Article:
A primary limitation of the meta-analysis was that all of the studies analyzed were carried out in untrained individuals; no published study to date has evaluated the topic in well-trained individuals. The good news is that I have completed just such a study, where subjects were all experienced lifters. The study is currently in review. I hope to be able to share results and their implications soon. Stay tuned!
http://www.lookgreatnaked.com/blog/ligh ... ld-muscle/
It took me a while to extricate myself from the "agreement" even though absolutely no money had changed hands and nothing had been signed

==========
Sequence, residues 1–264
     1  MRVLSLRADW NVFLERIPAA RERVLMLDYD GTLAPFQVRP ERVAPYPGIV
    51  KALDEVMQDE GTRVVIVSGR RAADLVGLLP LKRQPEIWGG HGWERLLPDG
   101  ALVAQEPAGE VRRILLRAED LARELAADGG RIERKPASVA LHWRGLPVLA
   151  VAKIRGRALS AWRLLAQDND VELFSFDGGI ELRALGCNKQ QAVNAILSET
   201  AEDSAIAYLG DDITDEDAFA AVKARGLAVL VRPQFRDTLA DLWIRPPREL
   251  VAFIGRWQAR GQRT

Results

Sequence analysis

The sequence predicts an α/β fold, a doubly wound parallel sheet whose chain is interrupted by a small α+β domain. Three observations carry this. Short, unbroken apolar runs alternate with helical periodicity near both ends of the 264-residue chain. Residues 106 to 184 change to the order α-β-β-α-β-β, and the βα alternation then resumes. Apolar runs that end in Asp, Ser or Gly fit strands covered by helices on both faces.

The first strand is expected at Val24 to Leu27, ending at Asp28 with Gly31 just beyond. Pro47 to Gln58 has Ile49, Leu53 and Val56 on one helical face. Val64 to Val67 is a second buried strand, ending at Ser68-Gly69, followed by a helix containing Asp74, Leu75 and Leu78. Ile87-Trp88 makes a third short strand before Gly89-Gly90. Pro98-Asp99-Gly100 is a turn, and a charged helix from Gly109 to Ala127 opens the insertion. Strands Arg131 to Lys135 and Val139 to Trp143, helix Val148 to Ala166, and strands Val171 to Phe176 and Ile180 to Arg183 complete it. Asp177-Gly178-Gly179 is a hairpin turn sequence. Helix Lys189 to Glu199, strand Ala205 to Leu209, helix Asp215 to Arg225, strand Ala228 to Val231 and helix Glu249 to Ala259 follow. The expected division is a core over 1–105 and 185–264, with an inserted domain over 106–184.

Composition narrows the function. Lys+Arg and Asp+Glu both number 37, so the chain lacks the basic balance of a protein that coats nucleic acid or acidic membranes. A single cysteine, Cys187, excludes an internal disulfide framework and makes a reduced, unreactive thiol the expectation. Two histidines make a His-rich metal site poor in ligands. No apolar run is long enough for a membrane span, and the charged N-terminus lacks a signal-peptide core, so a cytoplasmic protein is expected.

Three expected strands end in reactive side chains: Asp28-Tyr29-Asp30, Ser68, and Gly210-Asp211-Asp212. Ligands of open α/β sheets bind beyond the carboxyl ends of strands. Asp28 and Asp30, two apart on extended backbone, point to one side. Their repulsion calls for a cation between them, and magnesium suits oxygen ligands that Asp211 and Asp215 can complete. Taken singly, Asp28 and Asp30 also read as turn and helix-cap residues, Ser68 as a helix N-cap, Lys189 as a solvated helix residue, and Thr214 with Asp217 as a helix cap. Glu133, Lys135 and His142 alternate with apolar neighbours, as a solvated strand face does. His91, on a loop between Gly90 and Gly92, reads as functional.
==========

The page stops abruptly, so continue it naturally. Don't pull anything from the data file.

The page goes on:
tsurugi wrote:Gus Mueller - who is this?
why would this cast doubt on anything I say? why would you be disappointed?
the OP wondered what had happened to my book/project - I explained that I was busy trying to develop it with some people who had very different ideas about how the project should go that I was not comfortable with. It trundled along for a while until I changed my mind and eventually opted out - why on earth would this concern you or have any bearing on what I say in the book or elsewhere?
What? You removed yourself from a business deal you didn't like?
Tsurugi is the norths 'Dodgy Dave'
Only kidding mate. hope your well.
I really enjoyed the book on turn of the century fitness figures.
The look those gentlemen had always intrigued me as it was so specific. Thank you for detailing how they did that. Your fitness model for the exercise demos in the back was likewise interesting as he replicated the look perfectly.
Just curious, who is your editor?
Did you notice any fat loss during the process or have you always been very lean?